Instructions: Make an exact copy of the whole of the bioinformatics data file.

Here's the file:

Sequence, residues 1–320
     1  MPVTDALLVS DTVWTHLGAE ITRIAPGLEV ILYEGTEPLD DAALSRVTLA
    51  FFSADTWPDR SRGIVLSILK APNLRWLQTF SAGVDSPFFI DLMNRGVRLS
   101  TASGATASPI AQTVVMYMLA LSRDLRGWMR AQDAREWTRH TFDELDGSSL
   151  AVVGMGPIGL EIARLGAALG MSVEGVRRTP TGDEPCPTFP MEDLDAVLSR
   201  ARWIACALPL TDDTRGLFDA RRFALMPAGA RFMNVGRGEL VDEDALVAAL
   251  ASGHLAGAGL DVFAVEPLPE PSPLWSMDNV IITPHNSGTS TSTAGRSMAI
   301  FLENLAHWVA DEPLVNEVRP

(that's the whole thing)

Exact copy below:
Sequence, residues 1–320
     1  MPVTDALLVS DTVWTHLGAE ITRIAPGLEV ILYEGTEPLD DAALSRVTLA
    51  FFSADTWPDR SRGIVLSILK APNLRWLQTF SAGVDSPFFI DLMNRGVRLS
   101  TASGATASPI AQTVVMYMLA LSRDLRGWMR AQDAREWTRH TFDELDGSSL
   151  AVVGMGPIGL EIARLGAALG MSVEGVRRTP TGDEPCPTFP MEDLDAVLSR
   201  ARWIACALPL TDDTRGLFDA RRFALMPAGA RFMNVGRGEL VDEDALVAAL
   251  ASGHLAGAGL DVFAVEPLPE PSPLWSMDNV IITPHNSGTS TSTAGRSMAI
   301  FLENLAHWVA DEPLVNEVRP